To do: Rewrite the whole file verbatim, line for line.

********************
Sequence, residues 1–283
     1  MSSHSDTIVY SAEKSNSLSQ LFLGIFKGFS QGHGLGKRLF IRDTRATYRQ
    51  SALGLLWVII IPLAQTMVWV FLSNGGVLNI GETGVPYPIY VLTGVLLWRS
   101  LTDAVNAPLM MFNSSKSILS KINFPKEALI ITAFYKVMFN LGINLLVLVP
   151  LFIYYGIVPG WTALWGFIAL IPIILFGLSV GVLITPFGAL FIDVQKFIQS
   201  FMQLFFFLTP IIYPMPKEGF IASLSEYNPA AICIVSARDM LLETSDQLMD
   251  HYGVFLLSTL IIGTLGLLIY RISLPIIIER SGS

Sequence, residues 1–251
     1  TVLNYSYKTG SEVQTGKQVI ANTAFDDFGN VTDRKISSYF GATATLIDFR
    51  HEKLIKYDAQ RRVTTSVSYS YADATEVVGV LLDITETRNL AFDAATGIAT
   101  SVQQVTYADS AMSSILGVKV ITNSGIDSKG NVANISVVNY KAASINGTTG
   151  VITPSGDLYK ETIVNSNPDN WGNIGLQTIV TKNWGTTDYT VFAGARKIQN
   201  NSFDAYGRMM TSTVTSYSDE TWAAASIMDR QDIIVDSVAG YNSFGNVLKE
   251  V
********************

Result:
Sequence, residues 1–283
     1  MSSHSDTIVY SAEKSNSLSQ LFLGIFKGFS QGHGLGKRLF IRDTRATYRQ
    51  SALGLLWVII IPLAQTMVWV FLSNGGVLNI GETGVPYPIY VLTGVLLWRS
   101  LTDAVNAPLM MFNSSKSILS KINFPKEALI ITAFYKVMFN LGINLLVLVP
   151  LFIYYGIVPG WTALWGFIAL IPIILFGLSV GVLITPFGAL FIDVQKFIQS
   201  FMQLFFFLTP IIYPMPKEGF IASLSEYNPA AICIVSARDM LLETSDQLMD
   251  HYGVFLLSTL IIGTLGLLIY RISLPIIIER SGS

Sequence, residues 1–251
     1  TVLNYSYKTG SEVQTGKQVI ANTAFDDFGN VTDRKISSYF GATATLIDFR
    51  HEKLIKYDAQ RRVTTSVSYS YADATEVVGV LLDITETRNL AFDAATGIAT
   101  SVQQVTYADS AMSSILGVKV ITNSGIDSKG NVANISVVNY KAASINGTTG
   151  VITPSGDLYK ETIVNSNPDN WGNIGLQTIV TKNWGTTDYT VFAGARKIQN
   201  NSFDAYGRMM TSTVTSYSDE TWAAASIMDR QDIIVDSVAG YNSFGNVLKE
   251  V